We’ve had a stretch of truly miserable weather. It rained on and on. Sometimes there was a fine mist enveloping the world. Sometimes a cold driving downpour soaked everything it pelted. In the morning there was a dusting of snow, until that turned into more rain. It seemed like it went on like that for days.
We are miserable out in such weather so our inclination is to keep our horses inside, cozy and dry. But what do the horses think? Scientists have studied equine preferences. They looked into under what conditions horses seek out protection from the weather. What they’ve documented is that horses care more about shade when it is blazing hot, and shelter when insects are bothering them. But when it’s just raining? Horses prefer to be outside grazing. You can read this research here. (For those of you with long ears, read it. They studied that too. Donkeys’ preferences differ from those of horses.)
Keeping horses, though, is fraught with compromises. We have limited land. We need to have our horses stabled together so that we can care for them. We have to deal with manure and water. We need them dry and clean so that we can put tack on them to ride. Some horses need to have their fur clipped so that they don’t overheat when ridden in cold weather. Which means they have to wear blankets, which require attention and care. It’s complicated!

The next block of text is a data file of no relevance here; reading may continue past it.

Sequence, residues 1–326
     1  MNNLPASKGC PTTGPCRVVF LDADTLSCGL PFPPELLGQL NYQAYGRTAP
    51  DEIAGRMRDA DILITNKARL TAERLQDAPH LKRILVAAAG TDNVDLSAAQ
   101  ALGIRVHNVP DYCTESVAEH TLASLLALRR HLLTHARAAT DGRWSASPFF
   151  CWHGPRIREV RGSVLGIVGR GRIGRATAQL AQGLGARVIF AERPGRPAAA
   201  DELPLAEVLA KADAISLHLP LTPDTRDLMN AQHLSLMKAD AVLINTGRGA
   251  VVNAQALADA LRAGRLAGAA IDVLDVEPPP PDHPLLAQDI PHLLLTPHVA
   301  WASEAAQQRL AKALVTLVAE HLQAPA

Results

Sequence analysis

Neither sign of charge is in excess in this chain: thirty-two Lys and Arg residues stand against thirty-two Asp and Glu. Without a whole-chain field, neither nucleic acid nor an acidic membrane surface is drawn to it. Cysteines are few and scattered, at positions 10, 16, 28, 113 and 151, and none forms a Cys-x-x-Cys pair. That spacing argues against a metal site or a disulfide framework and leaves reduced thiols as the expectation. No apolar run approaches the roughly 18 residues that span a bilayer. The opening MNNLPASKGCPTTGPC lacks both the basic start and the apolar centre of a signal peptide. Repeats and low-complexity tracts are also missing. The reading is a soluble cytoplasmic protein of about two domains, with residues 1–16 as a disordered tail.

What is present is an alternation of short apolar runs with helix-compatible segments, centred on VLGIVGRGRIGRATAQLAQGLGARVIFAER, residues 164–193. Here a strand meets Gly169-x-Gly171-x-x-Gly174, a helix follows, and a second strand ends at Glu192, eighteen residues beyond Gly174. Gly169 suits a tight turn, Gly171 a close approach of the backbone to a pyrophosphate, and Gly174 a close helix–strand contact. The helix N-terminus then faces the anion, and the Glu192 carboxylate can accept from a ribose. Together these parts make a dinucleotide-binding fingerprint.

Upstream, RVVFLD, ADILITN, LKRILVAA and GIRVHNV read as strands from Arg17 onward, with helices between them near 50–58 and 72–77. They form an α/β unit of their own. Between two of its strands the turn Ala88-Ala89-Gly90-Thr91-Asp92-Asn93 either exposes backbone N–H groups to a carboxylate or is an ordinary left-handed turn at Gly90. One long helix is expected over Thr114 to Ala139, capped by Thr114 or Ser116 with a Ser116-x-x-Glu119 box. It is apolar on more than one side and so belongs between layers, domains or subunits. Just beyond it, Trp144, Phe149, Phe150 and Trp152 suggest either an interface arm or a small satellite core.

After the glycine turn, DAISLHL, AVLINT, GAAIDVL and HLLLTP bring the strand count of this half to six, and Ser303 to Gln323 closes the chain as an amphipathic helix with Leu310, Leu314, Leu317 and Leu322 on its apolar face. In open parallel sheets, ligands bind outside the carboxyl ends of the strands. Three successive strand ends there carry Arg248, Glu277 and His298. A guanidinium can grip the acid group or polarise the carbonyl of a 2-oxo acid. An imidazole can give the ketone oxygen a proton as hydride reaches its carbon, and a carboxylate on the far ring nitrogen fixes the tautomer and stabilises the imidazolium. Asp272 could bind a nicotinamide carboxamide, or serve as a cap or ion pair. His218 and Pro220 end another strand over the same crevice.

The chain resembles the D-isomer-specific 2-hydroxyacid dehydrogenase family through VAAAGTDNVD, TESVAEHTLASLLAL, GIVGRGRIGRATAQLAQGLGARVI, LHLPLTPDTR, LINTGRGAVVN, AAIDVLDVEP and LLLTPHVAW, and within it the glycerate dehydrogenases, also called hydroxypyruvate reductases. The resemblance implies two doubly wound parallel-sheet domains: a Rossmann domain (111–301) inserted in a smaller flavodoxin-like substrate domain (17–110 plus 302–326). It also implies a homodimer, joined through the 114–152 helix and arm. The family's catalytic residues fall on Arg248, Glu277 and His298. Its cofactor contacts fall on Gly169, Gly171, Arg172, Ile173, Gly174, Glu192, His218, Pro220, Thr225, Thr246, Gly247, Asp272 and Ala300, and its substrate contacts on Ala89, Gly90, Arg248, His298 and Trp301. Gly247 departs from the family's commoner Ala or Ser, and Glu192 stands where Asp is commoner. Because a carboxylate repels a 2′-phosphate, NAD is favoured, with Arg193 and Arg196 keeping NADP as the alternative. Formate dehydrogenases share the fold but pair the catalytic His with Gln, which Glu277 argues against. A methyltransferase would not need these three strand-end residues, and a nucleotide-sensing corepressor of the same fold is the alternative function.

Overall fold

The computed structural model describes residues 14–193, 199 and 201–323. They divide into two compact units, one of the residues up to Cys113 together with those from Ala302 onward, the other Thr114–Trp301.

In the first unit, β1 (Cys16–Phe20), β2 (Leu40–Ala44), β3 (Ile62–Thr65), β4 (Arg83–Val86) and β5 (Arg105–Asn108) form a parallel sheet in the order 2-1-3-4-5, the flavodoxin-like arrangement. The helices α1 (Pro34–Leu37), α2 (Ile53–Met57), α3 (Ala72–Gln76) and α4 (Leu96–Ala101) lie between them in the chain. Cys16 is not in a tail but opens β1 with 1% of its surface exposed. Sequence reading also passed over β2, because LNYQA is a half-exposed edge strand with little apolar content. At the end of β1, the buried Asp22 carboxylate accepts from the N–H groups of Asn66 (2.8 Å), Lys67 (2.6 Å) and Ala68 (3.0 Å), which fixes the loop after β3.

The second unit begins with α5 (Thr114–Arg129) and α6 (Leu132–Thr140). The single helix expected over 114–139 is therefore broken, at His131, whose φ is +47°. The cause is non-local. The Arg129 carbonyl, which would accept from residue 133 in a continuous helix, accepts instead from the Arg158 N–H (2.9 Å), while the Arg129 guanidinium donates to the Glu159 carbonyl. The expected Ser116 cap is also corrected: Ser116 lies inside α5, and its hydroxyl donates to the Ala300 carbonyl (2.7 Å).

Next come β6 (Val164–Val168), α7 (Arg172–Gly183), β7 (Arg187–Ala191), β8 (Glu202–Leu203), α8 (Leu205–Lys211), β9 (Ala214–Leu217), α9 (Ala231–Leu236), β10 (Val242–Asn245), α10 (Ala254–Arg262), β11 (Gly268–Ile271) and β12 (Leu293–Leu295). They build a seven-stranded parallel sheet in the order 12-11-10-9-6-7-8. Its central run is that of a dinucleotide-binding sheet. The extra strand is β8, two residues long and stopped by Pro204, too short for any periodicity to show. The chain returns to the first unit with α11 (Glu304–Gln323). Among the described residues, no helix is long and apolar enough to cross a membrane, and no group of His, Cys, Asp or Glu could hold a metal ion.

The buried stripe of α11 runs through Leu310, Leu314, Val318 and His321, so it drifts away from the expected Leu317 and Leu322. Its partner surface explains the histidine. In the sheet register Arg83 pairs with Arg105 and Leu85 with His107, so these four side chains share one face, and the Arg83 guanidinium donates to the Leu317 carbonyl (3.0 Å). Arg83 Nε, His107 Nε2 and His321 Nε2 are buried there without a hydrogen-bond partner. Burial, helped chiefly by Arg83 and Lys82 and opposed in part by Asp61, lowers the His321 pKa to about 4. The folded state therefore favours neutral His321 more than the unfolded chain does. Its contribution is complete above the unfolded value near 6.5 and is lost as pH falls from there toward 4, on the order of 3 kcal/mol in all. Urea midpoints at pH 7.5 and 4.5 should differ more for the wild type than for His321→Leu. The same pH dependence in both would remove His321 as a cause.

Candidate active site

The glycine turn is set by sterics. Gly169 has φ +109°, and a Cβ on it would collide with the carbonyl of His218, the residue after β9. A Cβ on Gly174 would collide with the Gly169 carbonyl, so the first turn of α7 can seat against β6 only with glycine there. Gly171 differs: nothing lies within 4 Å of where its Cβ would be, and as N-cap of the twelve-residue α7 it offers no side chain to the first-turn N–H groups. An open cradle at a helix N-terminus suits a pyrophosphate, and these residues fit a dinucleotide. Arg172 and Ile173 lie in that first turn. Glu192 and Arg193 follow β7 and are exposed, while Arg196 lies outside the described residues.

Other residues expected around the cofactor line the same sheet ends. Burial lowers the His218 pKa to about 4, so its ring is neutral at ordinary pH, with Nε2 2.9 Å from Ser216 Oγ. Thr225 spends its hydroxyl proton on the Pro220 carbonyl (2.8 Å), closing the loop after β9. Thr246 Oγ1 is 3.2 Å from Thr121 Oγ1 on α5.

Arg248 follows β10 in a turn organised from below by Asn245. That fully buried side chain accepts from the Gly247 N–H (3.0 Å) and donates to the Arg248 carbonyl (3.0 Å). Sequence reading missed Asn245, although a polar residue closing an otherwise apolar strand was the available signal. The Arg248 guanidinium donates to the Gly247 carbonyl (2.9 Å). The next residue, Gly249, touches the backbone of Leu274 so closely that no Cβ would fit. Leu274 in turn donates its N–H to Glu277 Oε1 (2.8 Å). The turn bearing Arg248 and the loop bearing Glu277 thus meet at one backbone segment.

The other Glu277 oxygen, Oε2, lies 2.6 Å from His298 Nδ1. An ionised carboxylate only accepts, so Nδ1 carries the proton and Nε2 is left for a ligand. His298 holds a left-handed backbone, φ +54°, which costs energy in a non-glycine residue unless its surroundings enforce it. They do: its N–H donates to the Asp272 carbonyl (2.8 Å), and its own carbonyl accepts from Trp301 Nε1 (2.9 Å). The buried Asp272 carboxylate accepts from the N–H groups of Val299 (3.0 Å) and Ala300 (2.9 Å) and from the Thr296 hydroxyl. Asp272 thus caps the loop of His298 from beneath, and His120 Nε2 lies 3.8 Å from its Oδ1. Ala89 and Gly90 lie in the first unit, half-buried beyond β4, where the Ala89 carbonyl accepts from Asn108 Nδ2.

One of the pluses of where I board Tonka is that they have large grass paddocks for all of the horses, so that everyone has ample daily turnout. However, if the horses are turned out when the ground is sodden, then the turf is quickly ruined and it’d all become dry lots. So when the weather is wet, the horses are kept in. They’re given extra hay, which keeps the horses sated, but it’s not optimum. I try to add extra time to my barn visits to hand-graze Tonka. I have bought myself a very nice raincoat! (Take a look here.) Tonka also has a waterproof jacket.
Tonka is one of the fortunate horses to have an in/out stall. Yesterday when I arrived the heavy rain had briefly abated, and he and his neighbors were all out in the drizzle.
These small runs have very good drainage, but even they couldn’t keep up with the amount of water coming down. Compared to his stall, this runout looks like a miserable place to be, and yet that’s what Tonka preferred. Fresh air and landscape to look at.
Tonka stayed out in the rain until lunch hay was fed. That was worth coming in for.
During this inclement weather I keep in mind that Tonka is moving a lot less than usual, so I make a point of starting my rides with loose rein walking, and I don’t pick up contact until I feel him swinging his back with some energy. It can take a full 15 minutes, and even then I gradually ease him into more athletic work. Sometimes a bounding canter, done in a big oval around the ring, (no corners, no fussing) is just what is needed to shake off the cobwebs.
We’ve got a couple of days of sunny weather in the forecast. The ground remains a wet mess, but I’m hoping that I can ride outside and squish our way around the fields. If not, we’ll ride in and then go for another hand-graze. Which is okay by me. There’s something so satisfying listening to a horse eat.
How’s the weather in your area? Under what conditions does your horse want to come inside?